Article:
Banks Continue to Put Billions Into Oil and Gas — Is It a Smart Investment?

Source: Capital and Main


The oil company CEO was practically giddy, she was so excited about its record earnings. On a call with shareholders and analysts on March 31, Occidental Petroleum’s Vicki Hollub bragged that the century-old oil giant was hitting new production records at its drilling sites in the Rockies, helping it build “the strongest foundation for free cash flow generation in Oxy’s history.”

The boasting highlighted an incredible run for the industry: Five of the biggest  — U.S. giants ExxonMobil, Chevron, Shell, and TotalEnergies, plus British giant BP — more than doubled their profits in 2022, with a cumulative profit of $200 billion, much of that in cash or cash equivalents. To illustrate the resurgence of the sector, Chevron and Exxon together are sitting on $48 billion in such assets, compared to $10 billion in early 2021.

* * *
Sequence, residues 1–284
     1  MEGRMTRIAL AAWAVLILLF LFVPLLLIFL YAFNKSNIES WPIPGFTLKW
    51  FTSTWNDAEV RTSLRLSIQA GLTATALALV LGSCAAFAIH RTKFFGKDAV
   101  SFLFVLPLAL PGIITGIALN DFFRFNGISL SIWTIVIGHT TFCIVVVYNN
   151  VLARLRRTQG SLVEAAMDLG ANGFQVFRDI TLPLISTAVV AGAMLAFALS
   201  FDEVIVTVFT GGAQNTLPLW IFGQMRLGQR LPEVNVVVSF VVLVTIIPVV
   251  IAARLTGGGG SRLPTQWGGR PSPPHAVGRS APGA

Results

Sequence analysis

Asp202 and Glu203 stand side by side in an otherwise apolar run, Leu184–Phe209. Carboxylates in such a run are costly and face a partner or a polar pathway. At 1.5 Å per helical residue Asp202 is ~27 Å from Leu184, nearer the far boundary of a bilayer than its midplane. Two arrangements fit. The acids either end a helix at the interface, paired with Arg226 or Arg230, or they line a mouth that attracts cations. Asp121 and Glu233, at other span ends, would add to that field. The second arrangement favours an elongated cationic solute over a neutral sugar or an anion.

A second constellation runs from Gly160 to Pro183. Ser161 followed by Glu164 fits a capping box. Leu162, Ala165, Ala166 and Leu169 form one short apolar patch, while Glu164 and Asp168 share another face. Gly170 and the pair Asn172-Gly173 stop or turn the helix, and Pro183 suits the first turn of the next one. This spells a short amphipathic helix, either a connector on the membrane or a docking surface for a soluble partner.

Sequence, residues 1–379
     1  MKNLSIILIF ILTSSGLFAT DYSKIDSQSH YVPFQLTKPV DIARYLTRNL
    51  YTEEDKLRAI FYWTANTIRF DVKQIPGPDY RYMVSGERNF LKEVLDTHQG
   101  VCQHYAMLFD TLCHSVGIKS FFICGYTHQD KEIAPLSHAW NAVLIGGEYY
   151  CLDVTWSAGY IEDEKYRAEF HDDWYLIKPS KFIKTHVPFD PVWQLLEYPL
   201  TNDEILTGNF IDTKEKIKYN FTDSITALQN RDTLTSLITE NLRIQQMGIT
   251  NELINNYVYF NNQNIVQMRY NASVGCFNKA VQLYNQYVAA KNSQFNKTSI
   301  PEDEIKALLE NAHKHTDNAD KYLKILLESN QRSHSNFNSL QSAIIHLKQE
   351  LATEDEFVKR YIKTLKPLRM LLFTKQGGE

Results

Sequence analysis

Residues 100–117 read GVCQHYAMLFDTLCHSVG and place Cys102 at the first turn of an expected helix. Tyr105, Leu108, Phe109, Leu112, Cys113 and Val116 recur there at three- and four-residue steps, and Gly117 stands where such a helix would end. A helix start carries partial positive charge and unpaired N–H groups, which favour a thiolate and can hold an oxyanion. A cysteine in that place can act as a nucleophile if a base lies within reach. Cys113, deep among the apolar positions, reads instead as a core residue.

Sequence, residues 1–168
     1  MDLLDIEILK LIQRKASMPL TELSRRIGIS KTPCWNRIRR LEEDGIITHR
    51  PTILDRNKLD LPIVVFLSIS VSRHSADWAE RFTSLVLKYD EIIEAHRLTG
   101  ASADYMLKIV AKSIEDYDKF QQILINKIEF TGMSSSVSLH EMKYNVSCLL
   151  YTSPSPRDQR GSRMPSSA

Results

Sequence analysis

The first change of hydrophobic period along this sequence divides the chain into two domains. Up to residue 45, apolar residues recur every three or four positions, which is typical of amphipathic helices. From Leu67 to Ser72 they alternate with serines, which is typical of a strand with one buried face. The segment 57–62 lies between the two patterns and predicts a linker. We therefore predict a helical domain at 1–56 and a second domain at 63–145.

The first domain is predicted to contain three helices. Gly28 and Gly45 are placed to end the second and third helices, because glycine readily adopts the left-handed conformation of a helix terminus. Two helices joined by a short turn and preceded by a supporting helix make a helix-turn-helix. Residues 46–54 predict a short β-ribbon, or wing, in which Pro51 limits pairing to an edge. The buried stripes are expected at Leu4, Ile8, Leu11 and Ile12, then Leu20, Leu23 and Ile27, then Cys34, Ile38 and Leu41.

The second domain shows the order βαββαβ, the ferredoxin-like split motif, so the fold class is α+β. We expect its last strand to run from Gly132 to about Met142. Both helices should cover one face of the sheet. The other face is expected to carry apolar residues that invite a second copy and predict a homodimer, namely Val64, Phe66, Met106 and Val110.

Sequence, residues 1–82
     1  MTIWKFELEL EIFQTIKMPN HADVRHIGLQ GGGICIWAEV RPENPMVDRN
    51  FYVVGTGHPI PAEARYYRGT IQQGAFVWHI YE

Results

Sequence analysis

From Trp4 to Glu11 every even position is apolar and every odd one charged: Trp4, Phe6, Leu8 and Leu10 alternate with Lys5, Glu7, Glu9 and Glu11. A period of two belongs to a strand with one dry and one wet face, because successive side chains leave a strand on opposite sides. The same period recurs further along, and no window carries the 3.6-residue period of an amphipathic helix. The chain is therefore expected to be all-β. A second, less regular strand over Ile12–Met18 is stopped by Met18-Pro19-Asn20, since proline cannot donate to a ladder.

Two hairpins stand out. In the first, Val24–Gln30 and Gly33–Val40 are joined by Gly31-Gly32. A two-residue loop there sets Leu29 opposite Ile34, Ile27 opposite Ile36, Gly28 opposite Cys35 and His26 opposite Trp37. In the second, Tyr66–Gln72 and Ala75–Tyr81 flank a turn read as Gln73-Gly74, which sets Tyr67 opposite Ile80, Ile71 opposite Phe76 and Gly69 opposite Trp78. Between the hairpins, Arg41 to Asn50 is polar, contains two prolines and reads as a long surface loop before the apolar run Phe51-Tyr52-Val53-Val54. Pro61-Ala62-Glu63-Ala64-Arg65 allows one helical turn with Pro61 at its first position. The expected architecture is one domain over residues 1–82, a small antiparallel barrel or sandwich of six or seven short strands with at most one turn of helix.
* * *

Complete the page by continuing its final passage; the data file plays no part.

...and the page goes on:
The surge in oil and gas profits is made possible in part by generous financing from banks, which provided $673 billion to the fossil fuel industry last year, according to the annual Banking on Climate Chaos report, authored by nonprofits including the Rainforest Action Network and the Sierra Club. Overall, the share of bank finance going to renewable energy rather than fossil fuels has hardly changed in the last six years. 

Banks lending to oil and gas companies insist that it’s necessary given global energy needs. And while there is a growing divide within the banking world over whether to continue financing fossil-fuel projects, only one major global bank — France’s state-owned La Banque Postale — has committed to halt financing oil and gas companies by 2030. Recently, HSBC, the seventh largest bank in the world, announced that it will no longer finance new oil and gas projects, though it will continue to finance existing projects. And a number of more climate-conscious “green” banks such as Germany’s GLS Bank quit the Net-Zero Banking Alliance in protest over its decision not to impose stronger restrictions on fossil-fuel financing.

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